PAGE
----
This latest study looked specifically at emphysema, a condition which destroys the air sacs in the lungs; it can cause wheezing, coughing and shortness of breath, as well as increasing the risk of death.
Researchers found that higher levels of pollutants in city air – ozone in particular – could cause emphysema to progress as quickly as would be expected from smoking an entire pack of cigarettes every day.
"Rates of chronic lung disease in this country are going up and increasingly it is recognised that this disease occurs in non-smokers," says physician-epidemiologist Joel Kaufman, from the University of Washington.
"We really need to understand what's causing chronic lung disease, and it appears that air pollution exposures that are common and hard to avoid might be a major contributor."
This was an extensive study too, covering 7,071 participants between 2000 and 2018 in six metropolitan regions in the US: Chicago, Winston-Salem in North Carolina, Baltimore, Los Angeles, Saint Paul in Minnesota, and New York City. Data was pulled from air and lung analysis in the Multi-Ethnic Study of Atherosclerosis (MESA).
Having an ambient ozone level just 3 parts per billion (ppb) higher than another area, over 10 years, is comparable in terms of emphysema progression to smoking a pack of cigarettes a day for 29 years, the study found. On average, the levels of ozone in the six study areas covered the 10-25 ppb range.
"We were surprised to see how strong air pollution's impact was on the progression of emphysema on lung scans, in the same league as the effects of cigarette smoking, which is by far the best-known cause of emphysema," says Kaufman.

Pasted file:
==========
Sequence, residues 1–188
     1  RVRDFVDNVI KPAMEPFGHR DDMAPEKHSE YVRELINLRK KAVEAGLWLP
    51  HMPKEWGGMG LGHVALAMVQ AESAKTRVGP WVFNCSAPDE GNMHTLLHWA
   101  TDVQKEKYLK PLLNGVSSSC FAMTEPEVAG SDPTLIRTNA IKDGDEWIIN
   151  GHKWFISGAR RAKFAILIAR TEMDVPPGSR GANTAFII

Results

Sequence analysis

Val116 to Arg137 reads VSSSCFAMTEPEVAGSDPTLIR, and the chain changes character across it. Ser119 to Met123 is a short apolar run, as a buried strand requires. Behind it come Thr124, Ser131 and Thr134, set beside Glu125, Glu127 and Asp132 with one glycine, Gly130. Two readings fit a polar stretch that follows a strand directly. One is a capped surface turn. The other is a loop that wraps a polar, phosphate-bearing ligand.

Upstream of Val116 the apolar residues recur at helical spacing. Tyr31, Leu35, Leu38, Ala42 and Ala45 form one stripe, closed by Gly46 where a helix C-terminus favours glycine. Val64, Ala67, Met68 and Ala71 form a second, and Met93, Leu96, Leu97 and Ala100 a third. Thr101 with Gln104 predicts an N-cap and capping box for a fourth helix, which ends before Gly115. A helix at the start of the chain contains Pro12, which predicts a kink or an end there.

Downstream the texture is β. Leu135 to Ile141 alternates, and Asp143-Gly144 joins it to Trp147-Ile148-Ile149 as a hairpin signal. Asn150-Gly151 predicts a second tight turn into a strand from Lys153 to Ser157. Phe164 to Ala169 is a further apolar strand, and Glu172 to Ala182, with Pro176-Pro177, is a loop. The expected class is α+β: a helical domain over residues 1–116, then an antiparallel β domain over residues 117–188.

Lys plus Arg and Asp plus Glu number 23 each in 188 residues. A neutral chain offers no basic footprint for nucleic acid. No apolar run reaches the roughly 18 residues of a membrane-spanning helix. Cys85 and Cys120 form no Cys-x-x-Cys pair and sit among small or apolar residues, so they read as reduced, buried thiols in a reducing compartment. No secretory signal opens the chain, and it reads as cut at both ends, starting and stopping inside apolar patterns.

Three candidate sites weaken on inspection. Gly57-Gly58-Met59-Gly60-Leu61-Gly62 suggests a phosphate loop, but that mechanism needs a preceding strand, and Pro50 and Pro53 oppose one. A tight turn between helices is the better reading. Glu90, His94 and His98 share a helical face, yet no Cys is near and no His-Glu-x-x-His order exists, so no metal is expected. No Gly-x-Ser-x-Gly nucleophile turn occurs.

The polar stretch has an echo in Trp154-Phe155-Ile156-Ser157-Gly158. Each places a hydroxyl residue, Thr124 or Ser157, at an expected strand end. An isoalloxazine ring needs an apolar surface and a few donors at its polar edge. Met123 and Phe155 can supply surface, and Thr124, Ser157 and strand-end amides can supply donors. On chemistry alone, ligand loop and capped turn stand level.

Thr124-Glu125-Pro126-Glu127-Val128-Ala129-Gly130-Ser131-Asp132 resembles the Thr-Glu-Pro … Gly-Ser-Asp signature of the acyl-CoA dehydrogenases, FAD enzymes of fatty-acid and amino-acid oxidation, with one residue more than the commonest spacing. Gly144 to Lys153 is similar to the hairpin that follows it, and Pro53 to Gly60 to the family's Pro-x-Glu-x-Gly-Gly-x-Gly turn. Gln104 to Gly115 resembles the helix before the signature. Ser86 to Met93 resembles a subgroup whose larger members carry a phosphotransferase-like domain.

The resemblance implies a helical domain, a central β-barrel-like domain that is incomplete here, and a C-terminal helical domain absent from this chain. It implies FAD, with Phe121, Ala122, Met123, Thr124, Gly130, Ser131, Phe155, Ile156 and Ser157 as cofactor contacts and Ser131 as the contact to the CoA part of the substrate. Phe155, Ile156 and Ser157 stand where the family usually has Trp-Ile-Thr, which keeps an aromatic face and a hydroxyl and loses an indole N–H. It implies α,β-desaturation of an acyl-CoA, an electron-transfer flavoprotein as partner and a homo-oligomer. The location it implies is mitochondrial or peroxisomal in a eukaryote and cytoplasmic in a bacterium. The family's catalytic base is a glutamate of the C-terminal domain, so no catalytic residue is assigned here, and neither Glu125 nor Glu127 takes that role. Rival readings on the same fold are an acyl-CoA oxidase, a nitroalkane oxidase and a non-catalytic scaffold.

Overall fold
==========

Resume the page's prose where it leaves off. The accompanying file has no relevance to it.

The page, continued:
And ground-level ozone is on the rise, produced when fossil fuel pollutants react with ultraviolet light. While ozone is a useful barrier to UV up in the higher atmosphere, it's not something we want to be inhaling down on the ground.
By itself, a link between air pollution and health problems is nothing new – bad air is obviously bad for us – but this particular study really puts into perspective how much damage we can be doing to our bodies just by breathing in the city air.
The researchers say this is the first longitudinal study to look at the long-term effects of air pollutants on percent emphysema, using a large, community-based, multi-ethnic group of people as study participants. The data that went into the study included detailed air pollution readings at many participants' homes, along with more than 15,000 CT scans.
There is a small bit of good news: as the study found in its readings, levels of polluting particulates in the air are actually dropping in the US, though ozone is bucking this trend.
Other statistics are less encouraging, with the World Health Organisation recently reporting that the majority of the world's children are breathing dangerously polluted air, and pollution being linked to a growing number of health problems.
"As temperatures rise with climate change, ground-level ozone will continue to increase unless steps are taken to reduce this pollutant," says epidemiologist Graham Barr, from Columbia University in New York. "But it's not clear what level of the air pollutants, if any, is safe for human health."
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